Original Research

The familiar versus the unfamiliar: Familiarity bias amongst individual investors

Annalien De Vries, Pierre D. Erasmus, Charlene Gerber
Acta Commercii | Vol 17, No 1 | a366 | DOI: https://doi.org/10.4102/ac.v17i1.366 | © 2017 Annalien De Vries, Pierre D. Erasmus, Charlene Gerber | This work is licensed under CC Attribution 4.0
Submitted: 27 November 2015 | Published: 02 February 2017

About the author(s)

Annalien De Vries, Deparment of Business Management, Stellenbosch University, South Africa
Pierre D. Erasmus, Deparment of Business Management, Stellenbosch University, South Africa
Charlene Gerber, Business School, Stellenbosch University, South Africa


Purpose: The purpose of this study was to investigate the existence of familiarity bias amongst individual investors in the South African stock market.
Problem investigated: According to Warren Buffet, one needs to maintain emotional detachment if one wants to be a successful investor. However, recent research indicates that the perceptions of companies’ products and brands may influence individuals’ investment decisions in the stock market. This phenomenon implies that the investment decisions of individual investors are not purely based on firm fundamentals as suggested by traditional finance theories, but might be driven partly by the positive or negative attitude they have towards certain companies’ products and brands. The existence of familiarity bias amongst individual investors was investigated to determine if individuals prefer to invest in companies they are familiar with as opposed to unfamiliar companies.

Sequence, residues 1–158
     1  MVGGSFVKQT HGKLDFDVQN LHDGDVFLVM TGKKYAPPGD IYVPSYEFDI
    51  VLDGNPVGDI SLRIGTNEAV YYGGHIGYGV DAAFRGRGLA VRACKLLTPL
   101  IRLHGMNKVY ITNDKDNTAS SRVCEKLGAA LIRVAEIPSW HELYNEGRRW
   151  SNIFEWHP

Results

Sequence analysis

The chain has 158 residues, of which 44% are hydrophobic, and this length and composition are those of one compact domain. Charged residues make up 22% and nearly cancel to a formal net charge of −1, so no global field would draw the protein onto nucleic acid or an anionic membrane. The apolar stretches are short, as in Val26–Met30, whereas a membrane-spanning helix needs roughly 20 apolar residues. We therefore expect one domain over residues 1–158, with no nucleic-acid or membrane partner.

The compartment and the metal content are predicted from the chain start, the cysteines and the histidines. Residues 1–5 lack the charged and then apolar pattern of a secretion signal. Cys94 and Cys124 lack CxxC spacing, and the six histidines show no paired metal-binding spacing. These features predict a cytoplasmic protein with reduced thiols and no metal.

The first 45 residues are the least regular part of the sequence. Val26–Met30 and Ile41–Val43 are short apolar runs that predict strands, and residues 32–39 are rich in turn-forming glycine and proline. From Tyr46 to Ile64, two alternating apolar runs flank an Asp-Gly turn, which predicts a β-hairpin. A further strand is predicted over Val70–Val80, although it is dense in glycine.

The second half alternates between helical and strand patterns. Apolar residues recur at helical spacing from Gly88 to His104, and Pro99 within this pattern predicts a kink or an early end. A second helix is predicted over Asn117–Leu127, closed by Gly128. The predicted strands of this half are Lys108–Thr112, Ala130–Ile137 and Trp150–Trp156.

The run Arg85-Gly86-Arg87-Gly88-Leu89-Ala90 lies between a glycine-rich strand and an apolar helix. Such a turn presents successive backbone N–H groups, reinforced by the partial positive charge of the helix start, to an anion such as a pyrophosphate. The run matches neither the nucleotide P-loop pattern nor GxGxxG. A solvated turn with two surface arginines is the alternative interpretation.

Methodology: A quantitative approach was followed. An online survey was used to show images of familiar and unfamiliar company brands to respondents, whereafter respondents were asked to indicate whether they will invest in the shares of the identified companies. The statistical analysis entailed descriptive statistics as well as one-way analyses of variance to test the stated hypotheses.
Main findings: The results of this exploratory study indicate that investors do exhibit familiarity bias when choosing between different companies to invest in.
Value of the research: The inclination of individual investors to invest in familiar corporate brands can have implications for the marketing industry, financial markets, the performance of companies as well as the investment performance of individual investors in the sense that it would seem that company brands could have an influence on investment decisions.


familiarity bias; behavioural finance; brand knowledge; investment decisions; South Africa


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Crossref Citations

1. Stakeholders’ engagement in 280 characters: Evidence from JSE-listed companies
George F. Nel, Yadah du Toit
South African Journal of Economic and management Sciences  vol: 26  issue: 1  year: 2023  
doi: 10.4102/sajems.v26i1.4964